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Does Your Direct Care Staff Know the Five Stages of Parkinson's Disease?

At most assisted living facilities, personal care attendants and other direct care staff are typically offered monthly, hour-long in-service training sessions on topics that directly concern their scope of responsibility for documentation and resident safety. Discussions on specific resident health conditions, such as Parkinson's disease (PD), can often be overlooked. This can be a tragic missed opportunity, particularly because this staff may be the only health care professionals at hand that residents depend on when a crisis, such as a choking episode or fall caused by complications of PD, strikes.

According to the National Parkinson Foundation, PD is a neurodegenerative brain disorder that progresses slowly and primarily afflicts people over the age of 50. Medication is the primary treatment for PD. While there is no known cure for PD, the disease itself is not fatal. However, complications become increasingly serious over time. The Centers for Disease Control and Prevention (CDC) rates complications from PD as the 14th leading cause of death in the United States.

PD occurs when a person's brain slowly stops producing a neurotransmitter called dopamine. With less and less dopamine, the resident will exhibit a decreased ability to regulate his or her movements, body and emotions. Symptoms include involuntary shaking of limbs, called tremor; problems with balance; stiffening of muscles; difficulty swallowing; inability to use facial expressions to support feelings or to speak clearly and/or quickly; and drooling. All of these can lead to depression and/or anxiety.

Theories indicate that non-motor symptoms, such as loss of smell, sleep disorders and constipation, may precede the motor features of the disease by several years. Once a diagnosis is made, symptoms may vary from person to person and progression can take up to 20 years. Typically, there are five distinct stages of PD. These stages are defined by the following symptoms noted in the chart below.

Five Stages of Parkinson's Disease

1 Tremor and other movement-related symptoms occur on one side of the body only. There may also be noticeable changes in posture, walking and facial expressions.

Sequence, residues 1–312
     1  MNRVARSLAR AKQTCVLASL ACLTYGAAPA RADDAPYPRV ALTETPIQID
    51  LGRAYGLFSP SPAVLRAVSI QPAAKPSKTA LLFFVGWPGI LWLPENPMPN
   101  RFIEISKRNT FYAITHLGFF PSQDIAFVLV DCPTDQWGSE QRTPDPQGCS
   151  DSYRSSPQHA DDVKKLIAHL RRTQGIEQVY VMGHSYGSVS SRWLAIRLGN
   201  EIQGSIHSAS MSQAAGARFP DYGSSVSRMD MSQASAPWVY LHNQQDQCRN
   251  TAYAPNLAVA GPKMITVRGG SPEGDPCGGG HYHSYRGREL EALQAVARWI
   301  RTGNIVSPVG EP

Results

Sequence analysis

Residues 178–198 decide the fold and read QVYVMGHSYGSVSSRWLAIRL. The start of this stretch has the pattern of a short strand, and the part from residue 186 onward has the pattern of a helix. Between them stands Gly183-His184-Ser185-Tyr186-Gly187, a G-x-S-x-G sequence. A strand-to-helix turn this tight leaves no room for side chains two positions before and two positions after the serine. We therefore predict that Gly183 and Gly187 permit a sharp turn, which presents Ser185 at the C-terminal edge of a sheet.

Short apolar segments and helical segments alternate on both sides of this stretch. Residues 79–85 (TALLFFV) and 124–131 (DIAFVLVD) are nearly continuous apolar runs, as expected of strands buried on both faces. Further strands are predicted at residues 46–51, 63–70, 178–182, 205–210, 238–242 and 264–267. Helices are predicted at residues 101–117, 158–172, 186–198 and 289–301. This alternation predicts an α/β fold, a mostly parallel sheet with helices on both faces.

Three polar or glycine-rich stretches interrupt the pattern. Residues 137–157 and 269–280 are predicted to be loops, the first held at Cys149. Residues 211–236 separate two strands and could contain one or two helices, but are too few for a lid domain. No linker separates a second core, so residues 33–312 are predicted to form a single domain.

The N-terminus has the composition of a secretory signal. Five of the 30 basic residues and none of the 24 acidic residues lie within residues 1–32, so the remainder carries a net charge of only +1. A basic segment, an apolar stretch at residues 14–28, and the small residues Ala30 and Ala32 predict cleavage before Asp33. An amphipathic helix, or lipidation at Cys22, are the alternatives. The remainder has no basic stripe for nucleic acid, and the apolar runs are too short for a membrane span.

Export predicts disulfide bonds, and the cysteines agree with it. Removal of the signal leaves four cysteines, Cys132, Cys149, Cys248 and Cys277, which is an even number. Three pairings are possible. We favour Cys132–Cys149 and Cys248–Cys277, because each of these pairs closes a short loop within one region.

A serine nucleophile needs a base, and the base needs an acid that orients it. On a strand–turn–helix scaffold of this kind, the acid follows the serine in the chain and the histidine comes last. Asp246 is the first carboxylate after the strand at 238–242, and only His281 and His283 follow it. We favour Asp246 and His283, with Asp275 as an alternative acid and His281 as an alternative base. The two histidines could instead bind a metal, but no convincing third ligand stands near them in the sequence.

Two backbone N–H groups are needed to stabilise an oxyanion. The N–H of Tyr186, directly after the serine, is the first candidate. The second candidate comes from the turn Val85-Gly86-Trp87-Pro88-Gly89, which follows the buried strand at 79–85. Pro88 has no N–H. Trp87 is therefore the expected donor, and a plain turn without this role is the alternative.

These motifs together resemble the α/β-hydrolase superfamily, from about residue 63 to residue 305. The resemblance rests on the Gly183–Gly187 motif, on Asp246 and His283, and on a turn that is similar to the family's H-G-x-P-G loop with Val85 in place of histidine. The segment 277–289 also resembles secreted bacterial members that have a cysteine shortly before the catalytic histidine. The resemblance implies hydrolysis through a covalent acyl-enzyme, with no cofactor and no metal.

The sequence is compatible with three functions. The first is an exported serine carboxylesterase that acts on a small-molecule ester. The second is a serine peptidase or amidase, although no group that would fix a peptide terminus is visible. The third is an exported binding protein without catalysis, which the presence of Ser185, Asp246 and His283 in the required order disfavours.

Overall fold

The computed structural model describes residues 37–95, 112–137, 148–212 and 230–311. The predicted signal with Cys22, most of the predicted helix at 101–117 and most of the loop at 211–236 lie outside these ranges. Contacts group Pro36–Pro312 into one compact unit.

2 The symptoms start getting worse, as tremor, rigidity and other movement-related symptoms affect both sides of the body. Walking problems and poor posture may become apparent. Completing daily tasks becomes more difficult and may take longer.
3 Loss of balance and slowness of movements are hallmarks of this phase. Falls are more common, and symptoms significantly impair Activities of Daily Living (ADLs), such as dressing and eating.
4 Symptoms are severe and very limiting. It's possible to stand without assistance, but movement may require a walker. The resident will likely need help with ADLs.
5 This is the most advanced and debilitating stage of PD. Stiffness in the legs may make it impossible to stand or walk. The person requires a wheelchair or is bedridden. Around-the-clock care is required of all activities and the resident may experience hallucinations and delusions.
SOURCE: National Parkinson Foundation

When dealing with a resident who has PD, the caregiver should strive to reduce the impact of the symptoms and allow the resident to function as normally as possible. The following chart offers ways to do that.

How to Assist Residents Based on their PD Symptoms

Stiff limbs and exhaustion
  • Encourage and assist with physical and occupational therapy exercises such as walking when able.

  • Provide assistive devices, such as a walker or cane, when transferring from a chair and as needed.

  • Provide periods of rest throughout the day.

Swallowing difficulties
  • Encourage the resident to eat very small bites and to chew food thoroughly before swallowing.

  • Provide foods that are soft and/or moist, such as pudding and fruits with high water content.

  • Serve thickened liquids such as milkshakes or juices in gelatin form.

  • Avoid serving foods with crumbs, such as crackers or cake, that could get caught in the resident's throat.

  • Follow speech therapy recommendations as indicated.

Falls
  • Ensure pathways are clutter- and barrier-free.

  • Provide nonslip shoes that are lightweight and fit well.

  • Provide adaptive equipment and assistance as needed.

  • Encourage and assist with physical therapy and balance-strengthening exercises.

Communication difficulties
  • Speak slowly and clearly with short sentences.

  • Be sensitive to the tone of your voice.

  • Be patient and allow time for the resident to respond.

  • Choose times when the medications are working to have important conversations.

Drooling
  • Provide tissues and assist with care as needed.

  • Avoid serving sugary foods that increase saliva.

  • Ensure dentures fit properly, when applicable.

  • Encourage and assist with proper body and head alignment for proper swallowing.

Drepression and anxiety
  • Encourage activities that provide physical and social interactions.

  • Provide relaxation techniques to ease anxiety as needed.

  • Seek professional help as needed.

Since Parkinson's is a progressive, deteriorating disease, changes can be subtle and occur over time. Alert the Nurse Manager and family when changes are observed and provide care and support as needed.

 
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